The sale of the government's stake in Rosneft carries many risks for the company, and there should be no strict deadlines for divesting the state's biggest oil asset, Energy Minister Sergei Shmatko said.
Shmatko's position is outlined in a letter he sent to Economic Development Minister Elvira Nabiullina on Feb. 1, a copy of which has been obtained by Finmarket, Interfax reported.
The energy minister cites the conclusions of consultants about the risk of higher borrowing costs for Rosneft, which would lose its sovereign-level credit rating if the government reduces its stake to less than a controlling interest.
The company would also automatically lose the right to future development of Russia's continental shelf. The Energy Ministry does not think that it is wise to amend legislation for the sake of Rosneft's privatization. The procedure for allowing state companies access to federal-status license blocks "is a strategic decision of the Russian government, enshrined in the corresponding federal law," the letter states.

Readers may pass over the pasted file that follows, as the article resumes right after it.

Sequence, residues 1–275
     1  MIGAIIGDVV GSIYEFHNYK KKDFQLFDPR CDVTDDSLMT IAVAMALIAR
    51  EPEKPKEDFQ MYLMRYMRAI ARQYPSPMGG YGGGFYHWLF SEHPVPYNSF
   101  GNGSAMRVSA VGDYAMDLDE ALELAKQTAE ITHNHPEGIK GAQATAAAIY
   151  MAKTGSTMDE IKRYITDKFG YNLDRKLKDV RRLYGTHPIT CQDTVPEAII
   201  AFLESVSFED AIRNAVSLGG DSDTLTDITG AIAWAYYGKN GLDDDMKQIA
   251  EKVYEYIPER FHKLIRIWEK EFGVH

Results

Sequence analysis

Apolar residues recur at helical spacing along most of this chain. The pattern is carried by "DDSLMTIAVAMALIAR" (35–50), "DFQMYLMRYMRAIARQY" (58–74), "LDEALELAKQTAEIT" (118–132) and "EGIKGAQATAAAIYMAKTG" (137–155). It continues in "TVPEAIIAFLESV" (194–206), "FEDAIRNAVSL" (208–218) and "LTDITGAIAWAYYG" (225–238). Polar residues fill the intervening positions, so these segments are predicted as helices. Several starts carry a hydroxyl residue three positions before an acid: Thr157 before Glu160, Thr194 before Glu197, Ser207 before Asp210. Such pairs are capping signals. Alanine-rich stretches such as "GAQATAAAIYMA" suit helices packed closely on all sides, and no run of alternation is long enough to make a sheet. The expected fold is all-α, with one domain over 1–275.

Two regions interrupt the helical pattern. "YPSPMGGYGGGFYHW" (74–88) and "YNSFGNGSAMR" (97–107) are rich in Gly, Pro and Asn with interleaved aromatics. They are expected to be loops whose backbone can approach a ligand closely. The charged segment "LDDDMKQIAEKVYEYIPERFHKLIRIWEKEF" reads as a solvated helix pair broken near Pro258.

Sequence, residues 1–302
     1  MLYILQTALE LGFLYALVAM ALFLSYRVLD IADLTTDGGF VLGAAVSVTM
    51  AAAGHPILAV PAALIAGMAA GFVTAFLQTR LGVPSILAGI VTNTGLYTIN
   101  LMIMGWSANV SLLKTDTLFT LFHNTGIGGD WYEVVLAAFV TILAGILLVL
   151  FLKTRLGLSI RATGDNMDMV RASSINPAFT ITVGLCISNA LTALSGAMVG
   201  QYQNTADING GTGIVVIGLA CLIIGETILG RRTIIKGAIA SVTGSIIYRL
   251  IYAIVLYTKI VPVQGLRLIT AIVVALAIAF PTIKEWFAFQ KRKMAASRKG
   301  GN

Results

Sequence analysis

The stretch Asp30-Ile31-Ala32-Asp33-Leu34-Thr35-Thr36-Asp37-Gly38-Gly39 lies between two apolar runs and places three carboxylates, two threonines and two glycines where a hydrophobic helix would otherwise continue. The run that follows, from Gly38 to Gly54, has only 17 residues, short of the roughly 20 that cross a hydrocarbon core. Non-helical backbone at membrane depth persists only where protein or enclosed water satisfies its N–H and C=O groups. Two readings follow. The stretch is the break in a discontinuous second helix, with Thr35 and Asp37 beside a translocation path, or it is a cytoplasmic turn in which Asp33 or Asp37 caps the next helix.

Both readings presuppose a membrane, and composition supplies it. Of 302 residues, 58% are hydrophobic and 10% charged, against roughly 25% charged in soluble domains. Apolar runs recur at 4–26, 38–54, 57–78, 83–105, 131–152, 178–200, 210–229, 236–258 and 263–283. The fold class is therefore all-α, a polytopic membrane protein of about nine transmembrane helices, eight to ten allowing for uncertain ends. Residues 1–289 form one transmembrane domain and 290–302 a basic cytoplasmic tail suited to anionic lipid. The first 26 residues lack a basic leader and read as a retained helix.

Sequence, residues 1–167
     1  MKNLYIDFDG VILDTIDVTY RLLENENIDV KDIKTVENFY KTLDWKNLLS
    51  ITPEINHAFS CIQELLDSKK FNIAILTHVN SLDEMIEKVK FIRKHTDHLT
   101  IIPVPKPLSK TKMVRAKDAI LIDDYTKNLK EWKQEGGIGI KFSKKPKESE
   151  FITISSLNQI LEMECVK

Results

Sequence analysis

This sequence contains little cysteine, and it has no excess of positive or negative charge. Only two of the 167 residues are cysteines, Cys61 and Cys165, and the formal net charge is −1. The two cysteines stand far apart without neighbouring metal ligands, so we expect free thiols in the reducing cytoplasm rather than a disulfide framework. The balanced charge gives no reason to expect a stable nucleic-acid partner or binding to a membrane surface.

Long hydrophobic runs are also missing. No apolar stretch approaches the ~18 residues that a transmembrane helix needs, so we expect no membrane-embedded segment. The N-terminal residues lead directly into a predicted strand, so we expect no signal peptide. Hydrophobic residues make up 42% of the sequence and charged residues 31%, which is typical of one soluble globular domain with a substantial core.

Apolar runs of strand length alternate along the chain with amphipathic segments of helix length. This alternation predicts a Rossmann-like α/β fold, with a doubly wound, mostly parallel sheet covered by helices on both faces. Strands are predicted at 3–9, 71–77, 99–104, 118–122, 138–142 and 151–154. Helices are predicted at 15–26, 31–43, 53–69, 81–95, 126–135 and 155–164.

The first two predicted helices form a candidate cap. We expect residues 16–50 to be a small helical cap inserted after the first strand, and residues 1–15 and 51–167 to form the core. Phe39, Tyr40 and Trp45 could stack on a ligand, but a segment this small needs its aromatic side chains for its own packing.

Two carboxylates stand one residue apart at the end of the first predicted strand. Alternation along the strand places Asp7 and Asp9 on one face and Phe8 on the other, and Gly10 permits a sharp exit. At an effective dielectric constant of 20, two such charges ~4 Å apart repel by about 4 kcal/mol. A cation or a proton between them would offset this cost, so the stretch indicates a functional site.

The same arguments were made to the Economic Development Ministry at the end of January by representatives of Rosneft itself, according to the minutes of a meeting obtained by Interfax. They also repeated the earlier argument of Deputy Prime Minister Igor Sechin about the risk of selling shares at a price that is lower than the price at which the company carried out its IPO in 2006.
Considering all of these factors, as well as the poor market climate, setting a tight deadline in the privatization plan for the government, as represented by Rosneftegaz, to completely withdraw from the capital of Rosneft would not be wise, Shmatko said.
The Russian government owns 75.16 percent of Rosneft. Last year the Economic Development Ministry proposed that the government commit to completely selling its stake in the oil major by 2017 — beginning in 2012 with the sale of up to 15 percent of shares.
Rosneft president Eduard Khudainatov said management is proposing that the government carry out a partial privatization of Rosneft in three to five years at the earliest, and retain a controlling stake.
Economic Development Ministry industry department head Alexei Uvarov said at the beginning of February that the issue of beginning Rosneft's privatization in 2012 remains open.